Health Problems Associated with Menopause

You may have heard of the mood swings and hot flashes associated with periods. However, the end of your periods can also mean the start of some health issues. Most women would accept the changes without any issues, but others might develop some of the problems explained below.

Pelvic Organ Prolapse

In young women, the pelvic muscles will be strong enough and will do a good job of contracting to keep everything in place. However, after menopause, the muscles will get weak, which in turn makes the uterus, vagina, bladder, or the rectum to droop downward. In some of the severe cases, one or more of these organs can hang out of the body of women like a ball, which can rub on clothes causing pain, bleeding, and many other discomforts.

Health experts say that women who have had a child through vaginal delivery are susceptible to pelvic organ prolapse. In addition, gaining weight after menopause can also put pressure on pelvic organs adding to the chances of pelvic organ prolapse. “It can also make it very hard to empty your bladder or bowels,” says Beri Ridgeway, MD, who is an associate clinical professor of obstetrics and gynecology at the University of California. An OBGYN free clinic in your area can help you with the diagnosis and treatment of pelvic organ prolapse after menopause.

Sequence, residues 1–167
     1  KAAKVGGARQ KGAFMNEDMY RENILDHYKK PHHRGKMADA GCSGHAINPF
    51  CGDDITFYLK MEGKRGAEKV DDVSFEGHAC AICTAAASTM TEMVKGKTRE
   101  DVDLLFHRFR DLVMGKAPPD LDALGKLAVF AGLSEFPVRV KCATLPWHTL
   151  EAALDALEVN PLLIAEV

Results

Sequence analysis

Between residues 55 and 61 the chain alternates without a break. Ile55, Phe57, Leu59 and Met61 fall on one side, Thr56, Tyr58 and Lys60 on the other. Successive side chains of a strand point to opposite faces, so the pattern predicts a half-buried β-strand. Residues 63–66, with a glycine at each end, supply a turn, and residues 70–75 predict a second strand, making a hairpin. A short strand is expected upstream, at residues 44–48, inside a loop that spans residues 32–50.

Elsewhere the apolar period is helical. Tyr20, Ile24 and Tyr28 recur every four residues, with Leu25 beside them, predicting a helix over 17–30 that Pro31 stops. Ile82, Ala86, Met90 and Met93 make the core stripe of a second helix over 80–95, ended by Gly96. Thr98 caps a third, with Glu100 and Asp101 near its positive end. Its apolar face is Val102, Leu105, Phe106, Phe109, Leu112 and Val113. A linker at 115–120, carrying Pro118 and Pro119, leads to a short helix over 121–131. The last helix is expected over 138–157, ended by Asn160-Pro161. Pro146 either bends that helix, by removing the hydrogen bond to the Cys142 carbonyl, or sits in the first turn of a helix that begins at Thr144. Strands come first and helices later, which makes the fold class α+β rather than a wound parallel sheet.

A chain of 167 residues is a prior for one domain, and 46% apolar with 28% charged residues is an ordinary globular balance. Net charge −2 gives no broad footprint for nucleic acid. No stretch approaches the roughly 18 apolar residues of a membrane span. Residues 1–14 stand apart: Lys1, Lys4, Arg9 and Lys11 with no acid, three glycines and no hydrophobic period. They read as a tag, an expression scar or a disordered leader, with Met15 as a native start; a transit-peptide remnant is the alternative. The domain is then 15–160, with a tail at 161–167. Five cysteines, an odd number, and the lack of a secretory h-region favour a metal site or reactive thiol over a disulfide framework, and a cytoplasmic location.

Liver Disease

In young women, the liver tends to easily repair damages from excess fat, alcohol, or infections. However, at times the liver can lay down scar tissue at the place of healthy cells. The female hormone estrogen might interfere with this process. When the amount of the hormone drops at menopause, scar tissues can build up in the organ leading to liver diseases. “Over time that may lead to advanced chronic liver disease,” says Carla Brady, MD, who is an assistant professor of medicine in gastroenterology at Duke University Medical Center.

The estrogen hormone also protects mitochondria in the liver cells. Mitochondria are called the powerhouse of cells and when the level of estrogen in the body goes down after menopause, it can lead to more damages to the liver and can accelerate liver aging. Make sure to ask your doctor in the free womens clinic to conduct a liver enzyme test while visiting the clinic. Elevated levels of liver enzymes may be the first sign, which indicates that there is something wrong with your liver. “For many people, liver disease is fairly silent until it gets to more advanced stages,” says Brady.